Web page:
All right, in this case the first sentence of this paragraph that's very theme oriented. So now we know the theme of dressing is pursued throughout the film Marie Antoinette and costume is established as a significant feature for reading the movie. The ending is not quite so conclusive of that, but it continues on this theme.

The characters state mind motivations is revealed through the subtle details of the clothing. All right, let's move a little bit more quickly now. Costume design involves conceptualizing and creating garments that capture and define the personalities of fictional characters, and are therefore intended to embody the psychological, social, emotional condition of the characters.

So again, more about how costume reflects the character, and their inner states. And then we have an example here at the bottom of the Converse boots and how this reminds us that this is a film about teenagers and not really about 18th century piece. Next paragraph talks about color being used in a nuanced way to facilitate a specific look and then at the end how the colors become darkened, and it ends with a sound of a guillotine, implying Marie Antoinette's beheading, so it talks about how color is used throughout the film to reflect Marie Antoinette's life.

Color palette of the costumes might be translated to a depiction of her inner journey. Once again, costumes, inner state, costumes, inner experience of the characters. Costume design allows us to quickly grasp what the characters are all about, and the costume conspires with other features, generating a symbolic network for telling a story through dress.

So, I think it's pretty safe to assume that the main point of the passage, remember we want to put in our own words first would be something about how costumes help us understand that the inner state of a character. Let's find what matches up best and let's work by process of elimination here. Marie Antoinette uses the symbolism of costumes more than many other films like it.

Now, symbolism of costumes, that sounds pretty good but here is our flaw. More than many other films like it. It didn't really compare this film to other films. Now, I know you may not have gotten that from just the opening and the closing sentences, so you may have to go back to the passage and review a little bit more to effectively eliminate this one.

Or just rely on memory the fact that there is no other comparisons to other films. B, costume design in Marie Antoinette allows audiences to more easily understand that the psychological state of the main character. That sound a lot like the main idea we paraphrased for ourselves, but let's make sure we read all the answer choices and eliminate them so we can be confident in that choice.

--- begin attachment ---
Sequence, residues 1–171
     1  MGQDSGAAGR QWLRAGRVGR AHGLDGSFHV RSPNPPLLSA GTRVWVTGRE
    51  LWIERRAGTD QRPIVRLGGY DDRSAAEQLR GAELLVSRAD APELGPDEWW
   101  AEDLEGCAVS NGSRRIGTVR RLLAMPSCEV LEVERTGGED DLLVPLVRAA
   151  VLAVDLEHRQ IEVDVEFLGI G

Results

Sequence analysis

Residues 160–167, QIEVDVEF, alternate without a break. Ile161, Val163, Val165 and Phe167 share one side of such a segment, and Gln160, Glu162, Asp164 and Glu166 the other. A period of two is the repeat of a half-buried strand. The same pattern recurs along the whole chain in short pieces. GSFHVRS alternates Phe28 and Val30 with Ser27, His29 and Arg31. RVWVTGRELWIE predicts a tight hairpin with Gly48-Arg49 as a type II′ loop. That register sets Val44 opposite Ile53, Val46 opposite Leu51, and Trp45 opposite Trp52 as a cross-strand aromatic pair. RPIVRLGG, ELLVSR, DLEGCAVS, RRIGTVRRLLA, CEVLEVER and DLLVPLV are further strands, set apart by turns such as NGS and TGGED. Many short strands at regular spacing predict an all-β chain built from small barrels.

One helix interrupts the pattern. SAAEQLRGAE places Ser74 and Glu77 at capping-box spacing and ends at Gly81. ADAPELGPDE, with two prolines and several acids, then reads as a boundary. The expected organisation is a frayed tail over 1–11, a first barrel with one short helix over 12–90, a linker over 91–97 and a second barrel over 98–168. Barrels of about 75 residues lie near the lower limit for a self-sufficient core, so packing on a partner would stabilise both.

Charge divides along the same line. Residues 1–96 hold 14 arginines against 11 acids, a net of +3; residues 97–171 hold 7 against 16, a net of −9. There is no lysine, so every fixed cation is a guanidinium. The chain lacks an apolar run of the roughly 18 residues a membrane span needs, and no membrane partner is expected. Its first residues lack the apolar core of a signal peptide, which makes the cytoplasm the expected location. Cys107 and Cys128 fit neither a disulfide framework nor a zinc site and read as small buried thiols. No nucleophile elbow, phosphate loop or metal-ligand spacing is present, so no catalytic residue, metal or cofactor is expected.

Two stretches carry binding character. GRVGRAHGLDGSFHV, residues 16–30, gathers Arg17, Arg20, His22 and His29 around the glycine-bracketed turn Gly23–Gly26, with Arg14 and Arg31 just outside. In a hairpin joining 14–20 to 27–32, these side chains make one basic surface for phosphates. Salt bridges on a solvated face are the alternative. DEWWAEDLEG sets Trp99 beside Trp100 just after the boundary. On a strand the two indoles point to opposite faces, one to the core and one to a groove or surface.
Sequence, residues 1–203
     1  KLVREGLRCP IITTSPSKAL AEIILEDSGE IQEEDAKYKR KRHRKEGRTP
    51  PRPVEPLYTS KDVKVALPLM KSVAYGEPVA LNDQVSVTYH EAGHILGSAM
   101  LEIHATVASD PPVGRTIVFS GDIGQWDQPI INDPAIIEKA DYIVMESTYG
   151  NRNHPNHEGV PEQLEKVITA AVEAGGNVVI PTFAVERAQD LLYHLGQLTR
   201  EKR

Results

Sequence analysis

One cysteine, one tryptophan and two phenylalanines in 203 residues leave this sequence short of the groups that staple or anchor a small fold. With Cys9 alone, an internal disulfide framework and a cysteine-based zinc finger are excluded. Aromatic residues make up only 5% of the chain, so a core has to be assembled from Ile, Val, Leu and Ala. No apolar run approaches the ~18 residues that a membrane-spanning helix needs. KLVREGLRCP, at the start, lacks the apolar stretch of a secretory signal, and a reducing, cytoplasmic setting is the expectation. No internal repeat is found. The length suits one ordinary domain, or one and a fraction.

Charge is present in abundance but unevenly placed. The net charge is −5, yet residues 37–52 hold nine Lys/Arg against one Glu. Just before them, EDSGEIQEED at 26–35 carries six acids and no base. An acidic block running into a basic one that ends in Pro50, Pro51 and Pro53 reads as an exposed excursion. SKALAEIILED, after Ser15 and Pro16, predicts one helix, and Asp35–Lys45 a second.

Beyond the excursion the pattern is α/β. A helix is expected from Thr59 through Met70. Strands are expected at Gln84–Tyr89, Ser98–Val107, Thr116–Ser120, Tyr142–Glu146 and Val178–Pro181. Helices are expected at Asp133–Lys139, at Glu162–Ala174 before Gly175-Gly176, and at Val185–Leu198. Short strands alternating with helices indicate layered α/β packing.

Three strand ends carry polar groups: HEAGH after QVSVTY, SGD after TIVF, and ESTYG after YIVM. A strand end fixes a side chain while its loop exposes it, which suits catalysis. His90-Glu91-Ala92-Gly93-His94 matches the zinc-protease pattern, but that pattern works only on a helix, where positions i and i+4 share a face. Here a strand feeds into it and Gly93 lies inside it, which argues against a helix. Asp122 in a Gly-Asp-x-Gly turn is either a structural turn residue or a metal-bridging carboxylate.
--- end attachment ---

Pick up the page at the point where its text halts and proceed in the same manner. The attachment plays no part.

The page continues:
Marie Antoinette's use of anachronous costuming helps audiences today better relate to the movie's time period. Now this is an example of one that is flawed. Because it picks up on a detail. Remember we had those converse boots, but it's not the entire passage. The entire passage is not about anachronous costuming.

So this is one of those ones that's just the detail. And D, costume design in Marie Antoniette allows the audience to more easily distinguish between the personalities of the different characters. Well, all I saw when I went back there was Marie Antoinette, Marie Antoinette, Marie Antoinette. So we're not talking about distinguishing between personalities.

That's a flaw there, so we can be confident in answer choice B. All right, let's go ahead and recap our strategy for main idea questions. First, review the first and last sentence of the paragraph. Again, that's usually enough to help remind yourself of the gist of what this passage was about. Two, paraphrase the main idea in your own words first.

That's really important. Before you look at the answer choices. And then finally, work by process of elimination with the answer choices. On main idea questions particularly, you wanna make sure you look at all the answer choices, so you're not missing something, you weren't too broad or too narrow in your own interpretation of the main idea.

And look for those flaws that make an answer choice wrong. So whether it says something that's not in the passage or whether it's too broad or too narrow. Those are all things that make main idea wrong answer choices, flawed answer choices. So we can hone in on the correct one.